Carmilla: If you’re not an 1800s-horror expert, it’s better with a little homework

Carmilla by Joseph Sheridan Le FanuCarmilla by Joseph Sheridan Le Fanu horror book reviewsCarmilla by Joseph Sheridan Le Fanu

Editor’s note: Carmilla is free in Kindle format because it’s in the public domain.

Giving Joseph Sheridan Le Fanu’s Carmilla (1872) a 4-star rating feels a bit like critiquing my cat’s life choices. Sure, she could act more like a cat, and she could definitely make more sense from time to time — but ultimately, I love her and that ought to be enough.

Carmilla truly begins when Carmilla (surprise) arrives somewhat suddenly at the summer home of Laura and her father. It’s a picturesque manse on a hill, and the family is happy to take Carmilla in — even after the strange circumstances of her arrival — given that Laura has gone without any friends this pastoral summer. The reason Laura has no companions is because the only girl who had planned to visit grew ill and suddenly died. What ensues is a vampire story that holds many themes and ideas that reoccur in vampire tales to this day.

Free on Kindle!

I came to read Carmilla for two reasons: first, after devouring the web series of the same name, and second, because it was an assigned text for a class I am taking. Having these two essentially ‘extra’ media with which to understand and enjoy the story thoroughly enhanced my experience of it. Had I not first seen the web series I may have missed many of themes present in the original tale, and having now read the story I can see the places the series subverted ideas to make interesting points. Likewise with the class, I would not have understood the history of the tale without having talked about it in a lecture.

As a written work of fantasy, Carmilla is complete with characters, setting, and plot that make more sense for the time it was written than today but is still an engaging read. However, I enjoyed Carmilla at first with little knowledge of the historical significance. Through discussing Carmilla in class the historical significance and the culture moment in which it was written were explored, to the strengthening of the story. Things I would have missed otherwise became much more powerful aspects of the story with that additional contextualization of the tale.

My enjoyment of the text boiled down to consuming other media that deal with the story. Whether it was the web series or a lecture, a little bit more knowledge about Carmilla made the story both more accessible and richer. Both media helped me understand the story better — in both a historical and topical sense — which enhanced my reading and made me enjoy it more than I think I would without those outside media.

If you’re interested in a foundational vampire story beyond Dracula, Carmilla is a work that is worth exploring both as a text and as continuation of vampire lore.

Published in 1872. This Gothic novella tells the story of a young woman’s susceptibility to the attentions of a female vampire named Carmilla. Carmilla predates Bram Stoker’s Dracula by 25 years, and has been adapted many times for cinema. Although Carmilla is a lesser known and far shorter Gothic vampire story than the generally-considered master work of that genre, Dracula, the latter is heavily influenced by Le Fanu’s short story.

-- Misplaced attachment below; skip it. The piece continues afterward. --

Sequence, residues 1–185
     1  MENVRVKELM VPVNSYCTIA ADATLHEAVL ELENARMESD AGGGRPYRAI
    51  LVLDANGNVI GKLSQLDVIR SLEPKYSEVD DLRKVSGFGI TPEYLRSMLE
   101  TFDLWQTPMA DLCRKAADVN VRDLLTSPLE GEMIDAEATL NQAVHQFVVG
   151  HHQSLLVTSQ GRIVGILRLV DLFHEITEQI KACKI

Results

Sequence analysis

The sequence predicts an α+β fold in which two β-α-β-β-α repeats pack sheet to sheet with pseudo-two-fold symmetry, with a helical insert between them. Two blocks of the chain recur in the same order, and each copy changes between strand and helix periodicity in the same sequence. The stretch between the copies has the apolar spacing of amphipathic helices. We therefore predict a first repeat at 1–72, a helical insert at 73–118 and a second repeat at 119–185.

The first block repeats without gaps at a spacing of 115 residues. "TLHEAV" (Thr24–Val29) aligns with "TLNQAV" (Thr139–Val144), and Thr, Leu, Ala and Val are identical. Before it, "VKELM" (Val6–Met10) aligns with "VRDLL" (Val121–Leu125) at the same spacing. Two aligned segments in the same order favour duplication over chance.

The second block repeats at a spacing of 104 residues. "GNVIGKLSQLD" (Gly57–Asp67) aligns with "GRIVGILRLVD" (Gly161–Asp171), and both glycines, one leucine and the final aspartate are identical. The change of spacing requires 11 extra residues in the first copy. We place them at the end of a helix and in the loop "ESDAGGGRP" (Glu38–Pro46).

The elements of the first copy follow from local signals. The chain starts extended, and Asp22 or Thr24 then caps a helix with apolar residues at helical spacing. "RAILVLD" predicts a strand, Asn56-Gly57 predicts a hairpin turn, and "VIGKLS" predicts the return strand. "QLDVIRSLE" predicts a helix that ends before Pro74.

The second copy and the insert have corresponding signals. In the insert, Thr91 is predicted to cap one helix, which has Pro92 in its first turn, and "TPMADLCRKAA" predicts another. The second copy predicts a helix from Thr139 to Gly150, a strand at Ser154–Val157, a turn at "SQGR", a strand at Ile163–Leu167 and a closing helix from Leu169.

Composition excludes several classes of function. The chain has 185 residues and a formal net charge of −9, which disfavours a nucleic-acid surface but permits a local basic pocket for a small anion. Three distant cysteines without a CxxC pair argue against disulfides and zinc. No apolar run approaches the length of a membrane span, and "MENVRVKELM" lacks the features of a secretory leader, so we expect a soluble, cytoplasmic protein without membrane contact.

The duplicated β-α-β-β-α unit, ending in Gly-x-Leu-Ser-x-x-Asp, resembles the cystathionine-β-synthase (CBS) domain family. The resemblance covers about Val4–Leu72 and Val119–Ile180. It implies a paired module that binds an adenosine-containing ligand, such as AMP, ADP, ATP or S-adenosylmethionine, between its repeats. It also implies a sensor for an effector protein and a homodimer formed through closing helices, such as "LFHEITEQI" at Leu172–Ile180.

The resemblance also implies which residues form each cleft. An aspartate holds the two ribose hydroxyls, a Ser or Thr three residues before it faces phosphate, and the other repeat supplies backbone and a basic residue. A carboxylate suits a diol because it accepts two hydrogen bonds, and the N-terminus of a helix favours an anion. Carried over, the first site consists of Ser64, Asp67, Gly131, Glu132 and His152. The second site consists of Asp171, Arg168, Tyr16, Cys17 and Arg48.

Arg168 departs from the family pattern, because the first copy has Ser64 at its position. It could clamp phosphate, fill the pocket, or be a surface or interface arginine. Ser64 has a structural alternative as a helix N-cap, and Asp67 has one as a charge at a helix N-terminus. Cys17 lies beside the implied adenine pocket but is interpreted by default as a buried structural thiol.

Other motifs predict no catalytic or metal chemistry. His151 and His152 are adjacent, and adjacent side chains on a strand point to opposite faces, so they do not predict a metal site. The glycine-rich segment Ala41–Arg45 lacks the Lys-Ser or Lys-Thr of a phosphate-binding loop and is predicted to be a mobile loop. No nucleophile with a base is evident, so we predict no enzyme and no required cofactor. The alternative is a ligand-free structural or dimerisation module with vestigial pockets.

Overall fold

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SKYE WALKER, who has been on FanLit’s staff since September 2014 (after a brief time on staff as a YA reviewer in 2007-2008), is from Canada. Their HBA in Anthropology and Communications allowed them to write an Honours paper on podcasting as the modern oral tradition of storytelling: something they will talk about at any and all opportunities. Skye is a communications professional in the non-profit sector. These days their favourite authors include Ursula K Le Guin, Bo Bolander, and Chris Wooding. They can be found on social media @tskyewalker

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  1. I think I want to check out the web series. I like le Fanu; he wrote good scary stuff for his time, and I’ve read *about* Camilla but never the actual story.

    • I thoroughly enjoyed the webseries (which is available on YouTube). It isn’t a true retelling, but the connections between the two stories are strong and I very much enjoyed where the webseries acknowledges and embraces the queer/lesbian undertones of the original tale. I really loved it! (It’s also Canadian :) )

  2. Excellent opening paragraph, Skye! (And the rest of the review was good and informative, so thank you for that.) :D

  3. I’m really happy to see a post like this here-the idea of deeper appreciation through contextualization is what I’m always pushing my students to understand, especially in my special topics courses that deal with this kind of material, both in literature and in cinema. There’s nothing to compare with the satisfaction of deep enjoyment of a work, because you see it as a piece in a much larger cultural whole.

    • I’m glad you liked the review! Culture is – more or less – my jam as a concept, and what drew me to anthropology as an area of study. Getting the opportunity to explore the contextualization of Carmilla (and many other works) in a lecture-based setting has been fantastic for me. So I agree entirely! When things were written, and when we read them, changes how they can be read! It’s really interesting and exciting and I’m very glad I got to explore Carmilla in this way.

    • Kathryn, please let us know if you’d like to write about this, or anything else you’re teaching or writing about, in our Expanded Universe column:
      We love to feature such “academic” ideas.


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